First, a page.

Giacosa Dolcetto d’Alba 2006 Vs Voerzio Dolcetto Priavino 2005
Anyone who knows Italian wine will know that these two superstars of the Italian wine world are about as different as Parmigiano and Buffalo Mozzarella. One is a huge producer of world famous Barolos and Barbarescos with a massive output of 500,000 bottles a year whilst the other has a tiny portion of Piedmontese heaven and a tinsy winsy production of 35,000 bottles a year. Both are considered among the very best winemakers in Italy and both produce some of the very best, if not THE best Barolos in the world. This is undeniable, indisputable and its a good job we are not here disputing it. What I find amazing is the difference in their Dolcettos.
This week I was lucky enough to spend time in the company of some of the most knowledgeable connoisseurs in Italy at the St Regis Hotel, Rome. The discussion, as it invariably does, turned to Barolo and then, as it never does, to Dolcetto. It’s generally agreed that Dolcetto is for the proles. A poor wine for the grape pickers of the Piedmont, not the reserve of the wine quaffers in the capital. This sent me red. Not the usual bright red I go when any alcohol passes my lips (damn these ruddy English cheeks), but red because Dolcetto …. is my guilty little pleasure.
So this weekend I decided to crack open two Dolcettos by the very finest producers in the Piedmont. In the red corner, Bruno Giacosa’s Dolcetto D’Alba 2006 and, in the blue corner, Roberto Voerzio’s Dolcetto Priavino 2005. I fully expected nothing but pleasure and delight for myself as well as my invited houses guests, instead I may have turned a member of our group off Italian wine for life.
How? Let’s just say, having championed Roberto Voerzio all evening the Dolcetto Priavino was a complete… turkey! I’ve never tasted a more expensive Dolcetto, and at €15 I have to give this wine a huge pass. It pains me to do so as Roberto Voerzio is my favourite wine producer in all of Italy. Simply put, there is no VFM here. Have you ever opened a bottle with high hopes and found yourself going back to it every 15 minutes to see if it just needed time? Last night was comical. I waited for the Voerzio wine to throw me a bone, it never did, this wine has NO finish. The wine has a fine dark purple colour and a nice nose of cherries, dark fruits, licorice and a little smoky tobacco but was so light and dead on the palate, the finish lasted just 3 seconds which, as it was so terrible, came as a relief! “It needs a few more years in the bottle”? I’m glad I didn’t buy a case.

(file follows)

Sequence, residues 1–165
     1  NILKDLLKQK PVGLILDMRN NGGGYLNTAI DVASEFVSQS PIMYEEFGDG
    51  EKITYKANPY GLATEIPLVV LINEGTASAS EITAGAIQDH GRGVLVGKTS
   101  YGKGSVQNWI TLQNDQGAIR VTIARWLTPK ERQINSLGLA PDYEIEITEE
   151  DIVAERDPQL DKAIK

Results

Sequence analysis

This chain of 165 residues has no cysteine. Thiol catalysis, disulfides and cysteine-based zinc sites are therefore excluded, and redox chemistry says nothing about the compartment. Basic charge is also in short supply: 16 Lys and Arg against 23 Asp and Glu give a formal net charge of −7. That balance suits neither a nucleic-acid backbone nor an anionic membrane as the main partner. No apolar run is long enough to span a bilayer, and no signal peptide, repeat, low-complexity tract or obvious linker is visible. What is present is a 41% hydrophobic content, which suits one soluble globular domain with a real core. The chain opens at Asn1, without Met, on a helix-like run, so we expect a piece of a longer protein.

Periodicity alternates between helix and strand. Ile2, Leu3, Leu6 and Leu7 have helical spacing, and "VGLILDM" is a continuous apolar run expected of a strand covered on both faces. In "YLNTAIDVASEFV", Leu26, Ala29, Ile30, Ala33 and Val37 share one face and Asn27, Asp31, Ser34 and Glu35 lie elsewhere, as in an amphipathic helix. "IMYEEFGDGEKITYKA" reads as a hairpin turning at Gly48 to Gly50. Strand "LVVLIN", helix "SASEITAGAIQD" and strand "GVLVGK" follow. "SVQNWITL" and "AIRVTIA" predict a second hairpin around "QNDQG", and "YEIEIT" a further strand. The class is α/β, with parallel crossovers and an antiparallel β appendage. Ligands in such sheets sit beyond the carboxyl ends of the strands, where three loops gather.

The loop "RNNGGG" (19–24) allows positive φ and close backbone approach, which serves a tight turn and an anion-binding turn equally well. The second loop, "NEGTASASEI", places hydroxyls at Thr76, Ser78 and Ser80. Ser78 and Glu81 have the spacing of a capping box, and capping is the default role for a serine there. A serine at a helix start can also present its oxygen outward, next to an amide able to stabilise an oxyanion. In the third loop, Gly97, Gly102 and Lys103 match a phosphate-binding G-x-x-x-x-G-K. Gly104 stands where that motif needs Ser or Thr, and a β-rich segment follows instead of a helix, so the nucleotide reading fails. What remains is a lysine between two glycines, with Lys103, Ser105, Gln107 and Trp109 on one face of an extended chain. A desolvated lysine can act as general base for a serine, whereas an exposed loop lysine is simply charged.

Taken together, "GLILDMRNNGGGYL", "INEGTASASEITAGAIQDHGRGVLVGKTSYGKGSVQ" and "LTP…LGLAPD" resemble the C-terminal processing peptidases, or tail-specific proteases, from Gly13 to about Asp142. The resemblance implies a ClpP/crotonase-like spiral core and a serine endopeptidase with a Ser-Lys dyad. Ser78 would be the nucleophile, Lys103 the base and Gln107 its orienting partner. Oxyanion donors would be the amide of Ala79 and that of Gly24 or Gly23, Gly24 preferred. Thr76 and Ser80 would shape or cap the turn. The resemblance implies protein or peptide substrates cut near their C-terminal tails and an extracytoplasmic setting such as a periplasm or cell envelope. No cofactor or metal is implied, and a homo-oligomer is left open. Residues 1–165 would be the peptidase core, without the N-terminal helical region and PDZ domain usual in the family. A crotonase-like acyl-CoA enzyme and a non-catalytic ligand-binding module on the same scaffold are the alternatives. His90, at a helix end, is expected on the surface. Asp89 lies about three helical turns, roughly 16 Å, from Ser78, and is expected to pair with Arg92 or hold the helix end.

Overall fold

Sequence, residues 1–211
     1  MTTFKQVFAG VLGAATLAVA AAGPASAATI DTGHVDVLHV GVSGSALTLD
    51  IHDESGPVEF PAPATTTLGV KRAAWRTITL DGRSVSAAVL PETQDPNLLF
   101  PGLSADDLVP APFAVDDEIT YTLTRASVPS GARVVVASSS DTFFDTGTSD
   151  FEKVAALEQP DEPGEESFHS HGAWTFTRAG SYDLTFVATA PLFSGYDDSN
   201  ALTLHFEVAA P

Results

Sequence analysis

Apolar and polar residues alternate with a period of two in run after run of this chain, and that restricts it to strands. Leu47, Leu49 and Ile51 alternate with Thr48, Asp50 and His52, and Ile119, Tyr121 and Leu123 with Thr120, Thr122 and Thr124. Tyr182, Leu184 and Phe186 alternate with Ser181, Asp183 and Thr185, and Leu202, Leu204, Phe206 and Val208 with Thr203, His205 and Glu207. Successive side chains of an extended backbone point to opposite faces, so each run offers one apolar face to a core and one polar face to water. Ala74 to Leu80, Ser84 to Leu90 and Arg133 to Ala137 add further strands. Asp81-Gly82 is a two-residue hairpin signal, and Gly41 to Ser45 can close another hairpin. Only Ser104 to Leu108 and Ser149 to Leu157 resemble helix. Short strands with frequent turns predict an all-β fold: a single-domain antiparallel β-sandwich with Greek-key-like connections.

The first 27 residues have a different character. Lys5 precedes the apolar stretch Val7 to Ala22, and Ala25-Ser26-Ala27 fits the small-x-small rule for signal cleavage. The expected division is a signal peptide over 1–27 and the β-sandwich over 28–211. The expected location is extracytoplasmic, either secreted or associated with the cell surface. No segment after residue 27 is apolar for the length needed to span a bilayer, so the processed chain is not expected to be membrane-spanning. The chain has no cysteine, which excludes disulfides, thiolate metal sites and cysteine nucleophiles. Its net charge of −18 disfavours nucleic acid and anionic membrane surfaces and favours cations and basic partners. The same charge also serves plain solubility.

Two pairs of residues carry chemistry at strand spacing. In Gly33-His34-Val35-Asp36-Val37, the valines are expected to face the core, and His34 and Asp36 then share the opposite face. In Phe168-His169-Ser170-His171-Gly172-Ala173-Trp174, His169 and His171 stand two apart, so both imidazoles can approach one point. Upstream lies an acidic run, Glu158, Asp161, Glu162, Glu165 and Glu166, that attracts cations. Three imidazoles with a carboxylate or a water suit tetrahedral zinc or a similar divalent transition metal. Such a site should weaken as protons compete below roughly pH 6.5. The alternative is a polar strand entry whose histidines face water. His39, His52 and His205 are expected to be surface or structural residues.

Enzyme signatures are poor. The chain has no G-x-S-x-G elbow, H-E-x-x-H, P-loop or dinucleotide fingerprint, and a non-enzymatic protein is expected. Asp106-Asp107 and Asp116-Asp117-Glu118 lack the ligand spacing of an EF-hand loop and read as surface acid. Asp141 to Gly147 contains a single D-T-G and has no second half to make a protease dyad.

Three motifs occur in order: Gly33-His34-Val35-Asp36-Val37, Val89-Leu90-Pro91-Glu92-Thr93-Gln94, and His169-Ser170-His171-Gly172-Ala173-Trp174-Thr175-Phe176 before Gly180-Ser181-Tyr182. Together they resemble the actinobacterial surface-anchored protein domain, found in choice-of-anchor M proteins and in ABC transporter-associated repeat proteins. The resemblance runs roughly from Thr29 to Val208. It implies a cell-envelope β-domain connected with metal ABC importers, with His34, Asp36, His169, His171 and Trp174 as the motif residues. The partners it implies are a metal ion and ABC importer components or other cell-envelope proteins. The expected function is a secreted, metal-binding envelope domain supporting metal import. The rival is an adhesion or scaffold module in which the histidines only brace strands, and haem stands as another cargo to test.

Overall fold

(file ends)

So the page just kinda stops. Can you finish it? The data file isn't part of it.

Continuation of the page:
Bruno Giacosa’s Dolcetto d’Alba saved the night. Last month, I sampled and reviewed the 2005 which scored a massive 91 points. Dolcetto is a very simple wine so to score a Dolcetto 91 is huge. The 2006 needed more time in the decanter and is not quite as fruity as the ’05 and for this I’m marking it down to 89 (still a huge score for a Dolcetto). Both these vintages are roughly €10 and available from http://www.wineshop.it/ and even in general winestores.
Full tasting notes to follow…
Bruno Giacosa Dolcetto d’Alva 2006 – €10 – BUY
A dull dark purple/violet with interesting ruby reflection, full bodied to the eye. Knockout nose, so strong that the glass had to be left for 30 mins. Characteristic nose of cherries and vanilla, very clean and with just a hint of spices and pepper. Full out attack on the palate, medium body, good acidity and balance with a mid length finish of berries and a touch of plum. Smooth with balanced tannins. Decant for a minimum of 1 hour. 89 Points
Roberto Voerzio Dolcetto d’Alva Priavino 2005 – €15 – PASS
Intense dark purple colour in the glass verging on black. Superb and strong notes of cherry, dark fruits, licorice and hints of tobacco on the nose. Very pungent nose that mellowed over time. Surprising light bodied on the palate, tannic and drying with a short, sharp finish that lasted only 3 seconds. The wine improved after several hours of decanting, but only a little. 83 Points
Question of the Day
I know many wine experts who like to believe they are completely uninfluenced by their expectations of a wine when tasting non-blind. I clearly returned to the Voerzio because of my expectations, had the wine been from an unknown supplier at €3 it would have taken its trip down the sink much sooner. Have I been unjustly harsh because of my high expectations? So todays questions is: To what degree does your expectation of a wine effect your tasting notes and scores?